This change in strategy is important to your organization. Don’t expect to send an e-mail or host a town hall meeting or webinar to do the job for you. You need a tactical communications plan to span the transition period to announce, explain, and keep the momentum going throughout. If the communication comes from HR or Training, it probably won’t be taken seriously. HR and Training might have a role in the implementation, but organizational leaders need to own and drive the change themselves — it cannot be delegated.

4.       Accept that change is a process and not an event.

As was said above, it starts with leadership talking the talk and walking the walk. They must set the right examples within the organization for everyone to see so that the change is taken seriously.

To help get your sales reps moving toward the change, we recommend that you follow the *ADKAR® model:

  • Awareness of the need to change. Develop a communications plan to drive the change and articulate what it means to each person. What will change? What will stay the same? How will sales reps be impacted? What are the new expectations?
  • Desire to support and participate in the change. Be able to answer WIIFM. Make the connection between your strategic initiative and the benefits to your managers and sales reps (e.g., how will it make them more successful, save time, and alleviate stress). Have and communicate a compelling vision.
  • Knowledge of how to change and what change looks like. If you want to change behavior, you need to measure what’s important to the strategy’s success. Nothing sends the message to the sales rep better than establishing new metrics and goals! But don’t forget to train your managers to manage to the new numbers. Also consider what skills sales reps might need in order to drive the change.
  • Ability to implement the change on a day-to-day basis. Your sales reps need to be trained. Many companies waste money on tactical sales training that is disconnected from a strategic initiative. However, training is a critical aspect of executing change. Sales reps and managers need to know what to do and what to say in the context of the new strategy, and they need an opportunity to practice and learn. Likewise, don’t assume that your managers don’t need help adapting to their new roles. Managers need to know how to coach the sales reps and help them be successful.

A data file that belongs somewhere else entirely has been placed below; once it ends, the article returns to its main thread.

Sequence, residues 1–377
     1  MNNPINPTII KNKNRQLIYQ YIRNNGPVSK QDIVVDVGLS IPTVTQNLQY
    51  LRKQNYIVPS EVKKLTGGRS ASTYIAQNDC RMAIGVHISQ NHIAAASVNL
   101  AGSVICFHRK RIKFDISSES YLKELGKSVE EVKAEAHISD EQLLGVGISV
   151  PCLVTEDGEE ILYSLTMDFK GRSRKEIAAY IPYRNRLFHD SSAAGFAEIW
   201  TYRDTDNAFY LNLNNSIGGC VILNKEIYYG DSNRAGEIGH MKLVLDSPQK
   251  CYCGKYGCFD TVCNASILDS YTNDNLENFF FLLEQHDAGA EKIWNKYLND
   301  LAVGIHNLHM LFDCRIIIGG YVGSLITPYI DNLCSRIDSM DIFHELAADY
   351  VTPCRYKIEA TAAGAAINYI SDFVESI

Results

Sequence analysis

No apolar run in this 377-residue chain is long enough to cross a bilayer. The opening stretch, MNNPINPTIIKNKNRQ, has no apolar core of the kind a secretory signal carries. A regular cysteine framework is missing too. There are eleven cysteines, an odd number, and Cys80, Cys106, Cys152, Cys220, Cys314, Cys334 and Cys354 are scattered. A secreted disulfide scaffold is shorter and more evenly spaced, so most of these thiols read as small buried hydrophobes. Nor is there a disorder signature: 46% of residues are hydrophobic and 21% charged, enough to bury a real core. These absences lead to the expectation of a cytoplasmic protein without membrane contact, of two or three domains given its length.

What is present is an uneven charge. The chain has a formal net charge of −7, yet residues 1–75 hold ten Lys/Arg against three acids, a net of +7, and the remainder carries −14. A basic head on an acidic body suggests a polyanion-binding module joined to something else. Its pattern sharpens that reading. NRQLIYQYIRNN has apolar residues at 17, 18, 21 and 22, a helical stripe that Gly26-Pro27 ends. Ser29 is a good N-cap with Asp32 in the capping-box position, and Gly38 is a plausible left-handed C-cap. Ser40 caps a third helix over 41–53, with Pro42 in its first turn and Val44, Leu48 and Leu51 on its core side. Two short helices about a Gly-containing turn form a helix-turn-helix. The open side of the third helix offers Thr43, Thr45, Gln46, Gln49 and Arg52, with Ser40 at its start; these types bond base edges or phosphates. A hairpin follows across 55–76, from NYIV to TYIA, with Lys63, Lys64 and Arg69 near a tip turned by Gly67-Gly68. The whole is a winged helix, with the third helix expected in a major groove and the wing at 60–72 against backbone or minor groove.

• Reinforcement to keep the change in place. Again, it starts with leadership and is followed by coaching and metrics. Everyone needs to hold each other accountable. Some excellent new technologies have emerged (e.g., mobile solutions with social and gaming components) to help reinforce learning continuously over time, drive accountability, and track whether or not the learning is taking hold. Find a tool that works for you.

Don’t forget that managing this change is hard work. Remember to communicate successes and reward exemplary behavior. The change is meant to help the organization and the individual managers and sales reps be more successful, and it is important to not lose sight of these benefits. Measure, monitor, and reward the right behaviors and you’ll be on your way to changing your organization and living your new strategy!

*ADKAR® and ADKAR® terms are registered trademarks of Prosci. All Rights Reserved. Used with Permission.

About Richardson - Win-Loss Review

Richardson: Sales Training and Strategy Execution – helping leaders prepare their organization to execute sales strategies and achieve business objectives.

About The Author: Dario Priolo

As Chief Strategy Officer, Dario Priolo is responsible for driving Richardson’s market, product, and corporate strategy and planning — sharing critical insights with clients to help them win in today’s changing market place. Dario gathers intelligence and market and customer knowledge to: drive Richardson’s innovation; ensure that Richardson offers the best and most relevant solutions for clients that exceed client satisfaction; and raise awareness of Richardson’s extensive capabilities with sales and business leaders.